Smiling from cheek to cheek, hunched over in the red chair, elbow to knee. Surrounded by my youth group –no, they are my friends—soon to be family.
But, it didn’t start that way. I was blessed at birth to have such a wonderful family who all had such great faith in Christ. As a child, I was led through a sea of dressed up adults to the front of the stage to sit down. From there, we sat silently watching the one in the ocean blue cover up glide into the water. He or she was asked a question, dunked into the water, lifted up, and then there were cheers and a song.
I was mesmerized by this. I knew it was a good and beautiful thing, but I didn’t know what it meant. I’ve begged my parents since I was 7 to get baptized. Today, I give thanks that they had me wait. By my 11th birthday, I knew it meant more.
I waited day and night for some sort of sign, I tried my best to do the right thing, and I tried to make adjustments to myself. Read the Bible. Don’t be mean. Don’t say bad words. Be more perfect! The rest of sixth grade came and went like minutes.
Then summer was here, and I found myself in a big room…
My new friend and I are sitting together. He’s from another youth group, but we’ve become friends. All eyes are on the guest speaker, my favorite, Wiley Lowe. He’s near the end of his lesson, when he says the words that strike me. Lowe is talking in Satan’s voice, tempting us by pretending to be on our side.
“You’re not ready. You don’t read the Bible enough. You’re not smart enough or nice enough.” The voice gets lower. “God will never forgive you for the things you’ve done, you aren’t perfect enough.”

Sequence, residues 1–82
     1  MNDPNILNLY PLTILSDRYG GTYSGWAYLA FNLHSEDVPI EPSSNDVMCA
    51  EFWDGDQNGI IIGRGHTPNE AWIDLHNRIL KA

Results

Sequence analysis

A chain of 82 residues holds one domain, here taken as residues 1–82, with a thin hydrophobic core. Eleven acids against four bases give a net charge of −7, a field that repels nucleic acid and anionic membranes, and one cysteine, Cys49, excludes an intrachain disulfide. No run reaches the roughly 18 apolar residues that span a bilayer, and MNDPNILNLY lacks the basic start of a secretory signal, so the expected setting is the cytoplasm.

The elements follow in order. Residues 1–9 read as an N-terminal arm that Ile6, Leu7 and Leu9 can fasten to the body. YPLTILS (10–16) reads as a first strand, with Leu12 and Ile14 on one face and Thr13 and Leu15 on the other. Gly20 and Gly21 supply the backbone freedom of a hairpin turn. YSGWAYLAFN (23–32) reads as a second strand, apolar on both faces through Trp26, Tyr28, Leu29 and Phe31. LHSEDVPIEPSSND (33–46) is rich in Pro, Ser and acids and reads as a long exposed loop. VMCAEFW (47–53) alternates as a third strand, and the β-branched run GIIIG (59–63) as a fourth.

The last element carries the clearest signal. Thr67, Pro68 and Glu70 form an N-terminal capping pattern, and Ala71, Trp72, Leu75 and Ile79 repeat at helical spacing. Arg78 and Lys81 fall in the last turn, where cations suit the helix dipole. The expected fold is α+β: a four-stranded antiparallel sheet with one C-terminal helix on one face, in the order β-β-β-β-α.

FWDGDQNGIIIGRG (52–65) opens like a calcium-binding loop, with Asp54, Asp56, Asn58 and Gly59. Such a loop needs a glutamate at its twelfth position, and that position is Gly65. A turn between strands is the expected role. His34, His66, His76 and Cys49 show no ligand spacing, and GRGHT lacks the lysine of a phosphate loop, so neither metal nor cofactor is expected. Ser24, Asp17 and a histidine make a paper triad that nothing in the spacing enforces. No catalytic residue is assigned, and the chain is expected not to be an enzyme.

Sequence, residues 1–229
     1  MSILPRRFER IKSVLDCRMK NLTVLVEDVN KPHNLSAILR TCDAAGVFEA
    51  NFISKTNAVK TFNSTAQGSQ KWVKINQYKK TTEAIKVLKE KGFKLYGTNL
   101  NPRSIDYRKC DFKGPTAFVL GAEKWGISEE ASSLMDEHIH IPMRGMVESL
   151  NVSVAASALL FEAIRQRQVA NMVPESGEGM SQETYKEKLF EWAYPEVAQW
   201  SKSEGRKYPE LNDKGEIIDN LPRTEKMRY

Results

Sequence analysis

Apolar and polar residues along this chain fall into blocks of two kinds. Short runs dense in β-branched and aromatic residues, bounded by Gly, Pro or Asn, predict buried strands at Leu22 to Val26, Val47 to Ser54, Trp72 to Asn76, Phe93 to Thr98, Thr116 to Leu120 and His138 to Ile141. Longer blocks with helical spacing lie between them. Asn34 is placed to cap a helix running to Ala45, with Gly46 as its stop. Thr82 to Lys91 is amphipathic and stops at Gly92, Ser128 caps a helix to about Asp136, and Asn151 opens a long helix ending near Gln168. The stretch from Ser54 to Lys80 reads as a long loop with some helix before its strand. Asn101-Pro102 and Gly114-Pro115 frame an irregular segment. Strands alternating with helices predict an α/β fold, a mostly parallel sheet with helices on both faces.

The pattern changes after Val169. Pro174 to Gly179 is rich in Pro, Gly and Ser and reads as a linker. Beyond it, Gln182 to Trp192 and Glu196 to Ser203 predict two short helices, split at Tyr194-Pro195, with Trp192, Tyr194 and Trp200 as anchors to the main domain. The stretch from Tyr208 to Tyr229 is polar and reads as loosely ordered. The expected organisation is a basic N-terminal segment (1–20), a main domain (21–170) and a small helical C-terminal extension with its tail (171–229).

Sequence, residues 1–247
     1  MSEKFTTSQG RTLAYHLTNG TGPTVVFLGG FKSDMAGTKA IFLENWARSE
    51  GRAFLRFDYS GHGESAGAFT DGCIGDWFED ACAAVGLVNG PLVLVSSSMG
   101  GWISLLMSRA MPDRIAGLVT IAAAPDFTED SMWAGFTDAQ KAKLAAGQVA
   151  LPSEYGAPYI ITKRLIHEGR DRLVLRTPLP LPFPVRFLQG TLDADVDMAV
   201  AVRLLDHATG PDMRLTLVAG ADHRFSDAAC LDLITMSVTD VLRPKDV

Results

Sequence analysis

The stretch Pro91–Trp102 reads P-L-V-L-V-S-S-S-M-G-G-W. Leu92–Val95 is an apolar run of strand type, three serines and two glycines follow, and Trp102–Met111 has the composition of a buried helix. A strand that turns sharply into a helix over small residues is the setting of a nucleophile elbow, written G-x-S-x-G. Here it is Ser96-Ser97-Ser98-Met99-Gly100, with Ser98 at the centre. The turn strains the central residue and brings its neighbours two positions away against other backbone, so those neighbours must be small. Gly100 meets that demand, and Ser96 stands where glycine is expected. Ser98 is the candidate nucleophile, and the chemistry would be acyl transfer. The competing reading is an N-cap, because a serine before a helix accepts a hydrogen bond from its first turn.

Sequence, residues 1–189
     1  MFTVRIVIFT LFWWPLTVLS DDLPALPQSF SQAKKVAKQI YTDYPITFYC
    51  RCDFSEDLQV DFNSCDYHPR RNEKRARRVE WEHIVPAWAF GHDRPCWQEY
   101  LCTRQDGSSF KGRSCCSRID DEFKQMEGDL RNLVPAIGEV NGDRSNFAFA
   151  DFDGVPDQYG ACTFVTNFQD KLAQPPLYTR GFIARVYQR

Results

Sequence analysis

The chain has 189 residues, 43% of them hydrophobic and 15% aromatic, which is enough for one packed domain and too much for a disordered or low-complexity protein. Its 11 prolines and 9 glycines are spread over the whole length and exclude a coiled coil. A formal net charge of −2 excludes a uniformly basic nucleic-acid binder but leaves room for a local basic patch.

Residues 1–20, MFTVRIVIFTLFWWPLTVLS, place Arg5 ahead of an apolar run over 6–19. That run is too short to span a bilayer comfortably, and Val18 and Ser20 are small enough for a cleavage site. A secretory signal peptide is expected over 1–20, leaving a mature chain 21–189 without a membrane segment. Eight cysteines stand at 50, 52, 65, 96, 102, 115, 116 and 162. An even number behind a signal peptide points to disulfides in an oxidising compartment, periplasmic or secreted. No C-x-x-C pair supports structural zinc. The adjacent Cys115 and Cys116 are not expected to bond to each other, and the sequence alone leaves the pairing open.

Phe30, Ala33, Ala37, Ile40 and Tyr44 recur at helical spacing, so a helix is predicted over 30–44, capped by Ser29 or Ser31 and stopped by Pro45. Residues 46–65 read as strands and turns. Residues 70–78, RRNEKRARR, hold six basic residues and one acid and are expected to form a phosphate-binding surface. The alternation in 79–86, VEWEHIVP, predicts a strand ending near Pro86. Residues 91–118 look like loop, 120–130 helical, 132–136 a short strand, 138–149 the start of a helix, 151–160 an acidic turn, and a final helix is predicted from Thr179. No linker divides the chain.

My eyes grew. I’ve been trying to make myself perfect before I go to God, but in reality, I should go to God to become perfect.
Every night we were allowed to go up on stage and fill out a prayer card. My friend went, and I soon followed and found him in the crowd. I sat in my ring of friends and put a checkmark on “I want to be baptized” on my prayer card.
All of my friends completely supported me in every way.
I kicked off my Aggie flip-flops and waded into the deep fountain. The cold water lapped around my waist. Eric Petty held me in his arms and asked me the most important question of my life, “Do you believe that Jesus Christ is the Son of God, and that he died for you?”
“Yes, I do.”
The water covered me, and I felt my sins wash away. I came up out of the water, shivering, and heard the cheers of my brothers and sisters. I was now part of the family. I had found peace.